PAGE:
It was 2002, and then-President Bush was already bored with Afghanistan. Leadership knew that they needed to move on to the reconstruction of the country and government but were hesitant to admit that reconstruction even needed to happen. This stalled any potential early success and eventually led to a much more prolonged and expensive effort than officials planned (or at least admitted.)
Those of us who have worked for the Department of Defense or related contractor companies know the following story all too well:
A new contractor company has taken over a long-term project. All of the old project administration…
There’s an interesting lie that has spread throughout our democracy — that the Democrats are working for you, the American citizen. The lie that they are the party of the working class and are champions of the downtrodden.
The truth, however, is that they are simply a corporate-owned political party that relies on token nods-without-real-action to minorities and cynical shout-outs to rainbow capitalism. They provide the illusion of caring for their base so that they can capture those votes. It’s textbook public relations messaging — say you support something, throw up a flag and a social media post, and reap…
Anyone with any experience dealing with project management issues should know just how hard it is to determine how much time a novel project should take to complete, what resources should be allocated to it, and who should be tasked with completing it. And project management is hard enough to pull off properly in a sleepy office building that only gets exciting during a Christmas office party where Bob from Accounting has one too many pumpkin-spice lagers.
But project requirement estimation in a poorly-controlled combat zone? That isn’t just a different ball game, that’s a completely different sport.
This is going to be long, but you probably need to read it.
The broken economics part of my brain, upon learning of breakthrough infections in vaccinated people a while ago, knew that the pandemic game had been lost. Humans 0, COVID-19 like… 5 million or so?
Let’s be honest, the pandemic has been putting up some impressive numbers this season. It’s got a future hall of fame spot locked down.
Unfortunately, our response to the pandemic has been proof that humanity will not survive a true global crisis, one with a higher body count or bigger social impact than…
Hi there. I’m Dan. You probably don’t know me, but I used to be in the U.S. Army. In the infantry, to be more specific. I like to throw that out there because it helps set up the twist that comes in a few paragraphs, and I hope it will give a little clout to what I talk about later.
Anyway, the main reason I am here is to talk about the last military action taken by the U.S. on August 29th in our war in Afghanistan. A war that is thankfully, hopefully, finally… over.
In this final piece on the strategic failures of U.S. reconstruction efforts in Afghanistan (though not even close to the series finale,) I continue my review of SIGAR’s What We Need to Learn report.
In 2009, the U.S. was seeing an increase in violence and a decrease in policy effectiveness in Afghanistan, so it did what it does best — send in the troops. When that failed, the U.S. did what it does second best — pull out the troops.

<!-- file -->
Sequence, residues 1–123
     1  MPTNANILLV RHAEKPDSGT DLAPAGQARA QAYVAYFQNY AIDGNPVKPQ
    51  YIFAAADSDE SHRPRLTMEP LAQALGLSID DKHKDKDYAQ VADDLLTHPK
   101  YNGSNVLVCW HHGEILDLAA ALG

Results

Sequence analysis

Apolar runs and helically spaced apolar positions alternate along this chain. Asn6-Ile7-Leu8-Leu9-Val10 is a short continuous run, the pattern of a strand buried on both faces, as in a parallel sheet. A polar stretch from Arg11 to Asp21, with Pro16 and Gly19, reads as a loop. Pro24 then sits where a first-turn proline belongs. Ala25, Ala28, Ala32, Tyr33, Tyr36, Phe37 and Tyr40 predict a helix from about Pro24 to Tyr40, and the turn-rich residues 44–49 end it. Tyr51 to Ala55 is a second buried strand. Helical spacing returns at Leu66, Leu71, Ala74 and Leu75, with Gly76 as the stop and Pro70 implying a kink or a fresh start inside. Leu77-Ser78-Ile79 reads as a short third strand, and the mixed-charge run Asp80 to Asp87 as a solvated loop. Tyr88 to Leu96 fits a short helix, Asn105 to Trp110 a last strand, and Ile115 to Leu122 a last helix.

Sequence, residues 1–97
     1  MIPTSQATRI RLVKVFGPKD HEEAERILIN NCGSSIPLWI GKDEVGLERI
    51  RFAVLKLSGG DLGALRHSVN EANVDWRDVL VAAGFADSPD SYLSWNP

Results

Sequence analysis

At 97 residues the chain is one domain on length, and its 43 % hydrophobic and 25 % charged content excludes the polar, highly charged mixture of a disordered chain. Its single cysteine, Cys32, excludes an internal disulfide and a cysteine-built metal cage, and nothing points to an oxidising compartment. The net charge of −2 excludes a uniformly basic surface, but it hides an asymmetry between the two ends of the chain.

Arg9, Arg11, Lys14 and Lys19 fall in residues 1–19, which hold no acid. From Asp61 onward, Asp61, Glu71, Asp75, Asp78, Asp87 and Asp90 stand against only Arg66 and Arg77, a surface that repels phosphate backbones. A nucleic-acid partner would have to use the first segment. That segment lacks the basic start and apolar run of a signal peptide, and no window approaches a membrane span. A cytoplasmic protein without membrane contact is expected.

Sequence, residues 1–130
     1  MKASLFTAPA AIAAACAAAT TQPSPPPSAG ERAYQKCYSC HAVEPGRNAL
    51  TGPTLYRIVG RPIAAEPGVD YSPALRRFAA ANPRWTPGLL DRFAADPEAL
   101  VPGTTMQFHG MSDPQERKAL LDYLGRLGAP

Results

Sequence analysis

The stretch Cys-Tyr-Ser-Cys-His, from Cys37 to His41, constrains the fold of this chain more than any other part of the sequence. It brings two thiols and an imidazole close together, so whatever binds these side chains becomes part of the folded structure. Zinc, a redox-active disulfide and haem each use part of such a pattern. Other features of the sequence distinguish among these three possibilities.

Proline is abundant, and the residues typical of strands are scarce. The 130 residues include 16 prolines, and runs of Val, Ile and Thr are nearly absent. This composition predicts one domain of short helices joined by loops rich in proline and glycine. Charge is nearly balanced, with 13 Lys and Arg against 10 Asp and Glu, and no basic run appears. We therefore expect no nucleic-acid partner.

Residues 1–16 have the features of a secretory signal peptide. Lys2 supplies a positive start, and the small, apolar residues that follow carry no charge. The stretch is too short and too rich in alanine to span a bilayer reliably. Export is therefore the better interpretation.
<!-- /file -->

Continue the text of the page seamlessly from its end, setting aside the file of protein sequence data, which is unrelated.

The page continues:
In 2011, then-President Obama noted that
“our mission [will now change] from combat to support. …
In the first piece in this series, I gave a brief summary of SIGAR’s findings in the United States’ failed Afghanistan reconstruction project. Below, I continue digging into the details of the first of seven areas of critique: strategy.
Let’s review how a lack of knowledge and experience on the side of the U.S. resulted in a fractured strategy due to misalignment of ends, ways, and means. As always, you will find relevant quotes from SIGAR’s What We Need to Learn report where appropriate.
The U.S. government continuously struggled to develop and implement a coherent strategy for what it hoped…
In my previous piece, I detailed SIGAR’s critique of the strategic ownership of the U.S. effort to rebuild Afghanistan. In it, the Department of Defense became the default agency expected to develop strategy, despite not having any experience in building nations. It merely had the largest budget, and as such had the most resources available to commit to the objective.
But it should be noted that there is no shortage of talking heads at the Pentagon who will gladly eat through your budget, all while discussing the situation over catered lunches in expansive boardrooms and wearing suits that lobbyists bought…
In a previous story, I mentioned SIGAR — the Special Inspector General for Afghanistan Reconstruction — and how the office detailed 7 key areas of failure in the United States’ attempt at rebuilding Afghanistan in one of its latest reports titled What We Need to Learn: Lessons from Twenty Years of Afghanistan Reconstruction.
Let’s begin our examination of item number one on that list: Strategy.
SIGAR describes a strategy as “the ends, ways, and means of the mission.” It then further defines each of these terms:
The Special Inspector General for Afghanistan Reconstruction’s (SIGAR) office has been publishing reports for years detailing policy and departmental failures across the board during the United States’ longest war. These reports have described what can only be considered echoes of Vietnam — an obvious failure of the mission, an ever-expanding scope of war, and a history during the conflict of rampant fraud, ignorance, and abuse.
With the culmination of the war on Monday — or at least the end of our official mission — I decided to really start digging into these reports. …